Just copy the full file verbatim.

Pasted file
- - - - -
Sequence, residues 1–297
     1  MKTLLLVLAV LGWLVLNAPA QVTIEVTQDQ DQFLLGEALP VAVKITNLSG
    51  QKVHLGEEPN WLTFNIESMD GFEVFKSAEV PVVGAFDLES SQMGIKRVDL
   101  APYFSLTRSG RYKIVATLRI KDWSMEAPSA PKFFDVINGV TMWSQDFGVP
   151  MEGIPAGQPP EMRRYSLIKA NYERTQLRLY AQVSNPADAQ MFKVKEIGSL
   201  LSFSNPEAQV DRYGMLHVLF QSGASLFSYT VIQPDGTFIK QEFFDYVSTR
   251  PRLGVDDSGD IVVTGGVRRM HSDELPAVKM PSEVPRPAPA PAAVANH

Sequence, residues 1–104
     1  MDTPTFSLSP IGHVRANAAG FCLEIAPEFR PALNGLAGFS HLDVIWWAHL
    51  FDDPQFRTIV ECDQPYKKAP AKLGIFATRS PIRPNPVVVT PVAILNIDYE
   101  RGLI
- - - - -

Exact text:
Sequence, residues 1–297
     1  MKTLLLVLAV LGWLVLNAPA QVTIEVTQDQ DQFLLGEALP VAVKITNLSG
    51  QKVHLGEEPN WLTFNIESMD GFEVFKSAEV PVVGAFDLES SQMGIKRVDL
   101  APYFSLTRSG RYKIVATLRI KDWSMEAPSA PKFFDVINGV TMWSQDFGVP
   151  MEGIPAGQPP EMRRYSLIKA NYERTQLRLY AQVSNPADAQ MFKVKEIGSL
   201  LSFSNPEAQV DRYGMLHVLF QSGASLFSYT VIQPDGTFIK QEFFDYVSTR
   251  PRLGVDDSGD IVVTGGVRRM HSDELPAVKM PSEVPRPAPA PAAVANH

Sequence, residues 1–104
     1  MDTPTFSLSP IGHVRANAAG FCLEIAPEFR PALNGLAGFS HLDVIWWAHL
    51  FDDPQFRTIV ECDQPYKKAP AKLGIFATRS PIRPNPVVVT PVAILNIDYE
   101  RGLI